I am a 26 year old male and i was diagnosed with TB an year ago.
I had taken full treatment, without missing any dose for 6.5 months and i was cured and told that its all gone.
Now almost after 10 months i have cough again an it is there for 3 weeks now.
I do not have phlem or blood in mucus, or fever. But strangely i did not have these symptoms when TB struck me last time too.
This cough started with symptoms of cold, running-nose etc.
but when it crossed 15days, i got my X-ray done and the doctor declared that its clear.
I have had night sweats and 1.5Kg of weight loss in past 3 days. (but no fever).
Though i will go to the doctor again in 4-5 days, I would like to know-
How long does it take for TB to show up in the X-ray ?
(as last time too i couldnt give a sputum test or AFB because any sputum never came, so the only basis was X-ray because all anitbiotics had failed).
Now my other important question is that like last time, this time too, i begin to cough only when i drink water, and only water!.
Drinking juice triggers mild cough. but neither milk or any syrup etc.
but drinking water, esp. at night triggers a very heavy cough. hard enough that i feel like vomiting (& did vomit when i had TB last time).
I have no cough for hours in the day or its very mild; except when i drink water.
I have tried changing sources of water and its temperature.
Could you please help me to find out what may be the real cause ? or is there a variant of TB which acts like this ?
Purified protein derivative (PPD) is a skin test for tuberculosis (TB). For this test a liquid is injected just under the skin. Dead tuberculosis germs are mixed in this liquid. If you have been infected with TB, a lump will usually form at the site of the injection. This is a positive PPD test. Generally this means that TB germs have infected your body.
If a person has been infected with TB, but they do not have active disease, usually their chest x-ray shows no signs of active disease. Most people with a positive PPD have a negative chest x-ray. These people continue to be healthy. They are not contagious, so they cannot give the TB to anyone else.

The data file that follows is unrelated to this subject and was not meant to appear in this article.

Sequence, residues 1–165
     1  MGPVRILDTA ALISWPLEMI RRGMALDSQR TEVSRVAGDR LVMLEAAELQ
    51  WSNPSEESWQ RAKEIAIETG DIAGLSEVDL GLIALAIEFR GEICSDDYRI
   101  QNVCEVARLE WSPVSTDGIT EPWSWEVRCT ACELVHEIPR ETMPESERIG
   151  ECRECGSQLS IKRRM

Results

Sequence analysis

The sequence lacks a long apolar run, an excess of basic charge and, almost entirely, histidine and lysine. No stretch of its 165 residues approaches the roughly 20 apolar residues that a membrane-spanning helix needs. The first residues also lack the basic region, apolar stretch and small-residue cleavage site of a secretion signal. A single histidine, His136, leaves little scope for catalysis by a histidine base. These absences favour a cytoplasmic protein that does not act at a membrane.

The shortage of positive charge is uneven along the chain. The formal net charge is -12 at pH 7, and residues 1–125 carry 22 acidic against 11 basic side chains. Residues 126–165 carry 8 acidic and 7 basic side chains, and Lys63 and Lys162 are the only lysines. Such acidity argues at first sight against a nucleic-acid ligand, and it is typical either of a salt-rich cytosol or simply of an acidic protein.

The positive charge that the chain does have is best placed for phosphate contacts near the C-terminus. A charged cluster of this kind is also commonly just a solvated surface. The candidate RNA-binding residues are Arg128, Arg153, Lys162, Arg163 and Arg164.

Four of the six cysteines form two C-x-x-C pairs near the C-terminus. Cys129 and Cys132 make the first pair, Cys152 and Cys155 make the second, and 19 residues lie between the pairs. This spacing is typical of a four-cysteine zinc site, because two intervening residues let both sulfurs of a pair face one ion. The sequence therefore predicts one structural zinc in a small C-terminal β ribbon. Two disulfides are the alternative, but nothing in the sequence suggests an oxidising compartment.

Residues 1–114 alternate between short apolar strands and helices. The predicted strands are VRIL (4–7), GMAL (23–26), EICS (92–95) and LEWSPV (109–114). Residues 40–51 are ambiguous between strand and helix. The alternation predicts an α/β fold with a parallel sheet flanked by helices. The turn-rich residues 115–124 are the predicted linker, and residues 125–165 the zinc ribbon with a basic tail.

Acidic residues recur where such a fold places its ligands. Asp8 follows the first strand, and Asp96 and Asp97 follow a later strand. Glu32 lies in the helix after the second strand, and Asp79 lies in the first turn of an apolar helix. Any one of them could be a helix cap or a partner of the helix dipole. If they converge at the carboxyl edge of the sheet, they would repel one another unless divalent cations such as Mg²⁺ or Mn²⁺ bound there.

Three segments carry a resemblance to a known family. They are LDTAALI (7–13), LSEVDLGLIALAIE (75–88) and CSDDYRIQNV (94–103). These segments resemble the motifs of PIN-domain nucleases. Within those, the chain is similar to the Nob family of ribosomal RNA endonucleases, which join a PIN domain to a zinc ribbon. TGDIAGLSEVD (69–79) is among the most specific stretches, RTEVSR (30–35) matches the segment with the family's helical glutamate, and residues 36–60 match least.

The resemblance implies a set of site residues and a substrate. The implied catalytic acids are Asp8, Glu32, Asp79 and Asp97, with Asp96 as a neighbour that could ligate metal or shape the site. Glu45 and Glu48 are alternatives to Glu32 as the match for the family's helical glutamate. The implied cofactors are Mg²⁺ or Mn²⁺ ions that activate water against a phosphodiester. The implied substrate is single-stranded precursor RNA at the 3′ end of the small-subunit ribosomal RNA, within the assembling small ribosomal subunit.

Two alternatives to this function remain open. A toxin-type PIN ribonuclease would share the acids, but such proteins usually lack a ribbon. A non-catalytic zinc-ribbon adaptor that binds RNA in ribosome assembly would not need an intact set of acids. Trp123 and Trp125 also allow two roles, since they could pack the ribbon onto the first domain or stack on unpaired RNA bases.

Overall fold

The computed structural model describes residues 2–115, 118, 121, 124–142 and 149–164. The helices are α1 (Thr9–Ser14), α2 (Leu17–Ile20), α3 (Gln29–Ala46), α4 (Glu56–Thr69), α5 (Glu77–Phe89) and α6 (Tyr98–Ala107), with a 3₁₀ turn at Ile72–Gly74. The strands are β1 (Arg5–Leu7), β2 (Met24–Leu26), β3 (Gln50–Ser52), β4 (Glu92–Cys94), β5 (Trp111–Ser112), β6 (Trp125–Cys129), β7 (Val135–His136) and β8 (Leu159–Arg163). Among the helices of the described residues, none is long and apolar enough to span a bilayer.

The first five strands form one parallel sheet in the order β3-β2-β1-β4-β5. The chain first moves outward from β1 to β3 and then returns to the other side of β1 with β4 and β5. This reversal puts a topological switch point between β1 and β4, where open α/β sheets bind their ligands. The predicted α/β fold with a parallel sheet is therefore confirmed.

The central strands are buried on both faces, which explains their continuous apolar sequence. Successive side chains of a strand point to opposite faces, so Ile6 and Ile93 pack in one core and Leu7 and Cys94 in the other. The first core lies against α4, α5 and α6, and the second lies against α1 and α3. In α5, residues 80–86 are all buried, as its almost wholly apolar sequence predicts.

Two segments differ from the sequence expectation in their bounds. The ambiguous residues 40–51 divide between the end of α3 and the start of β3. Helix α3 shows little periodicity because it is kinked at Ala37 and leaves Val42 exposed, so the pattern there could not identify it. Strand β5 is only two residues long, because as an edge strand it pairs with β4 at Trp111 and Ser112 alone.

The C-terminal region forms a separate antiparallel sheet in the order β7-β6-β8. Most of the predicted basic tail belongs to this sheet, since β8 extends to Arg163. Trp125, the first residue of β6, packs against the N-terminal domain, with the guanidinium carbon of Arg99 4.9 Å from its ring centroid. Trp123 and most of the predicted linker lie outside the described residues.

With a positive PPD and negative chest x-ray there is a 10% chance of developing active disease in your lifetime. The percentage is higher during the first few years after your PPD becomes positive. If your PPD has become positive after you have recently been in close contact with a person who has active disease, you would be given preventive treatment to lower your risk of developing active disease. Usually preventive treatment is isoniazid (INH) given for 6 to 9 months. This is unlikely to be TB since you took the preventive treatment without missing any doses for 6.5 months and your chest x-ray is clear. If your symptoms were due to TB, it would almost certainly be seen on your x-ray now.
Viral infections like a cold can cause inflammation of the nose and sinuses. This inflammation can cause coughing and postnasal drip. This is drainage from the nose and sinuses dripping down the back of the throat. Postnasal drip can cause coughing as a result of throat irritation. Typically this is worse at night when you lay down to sleep. Generally this irritation feels the worst when you wake up and gets better as the day goes on.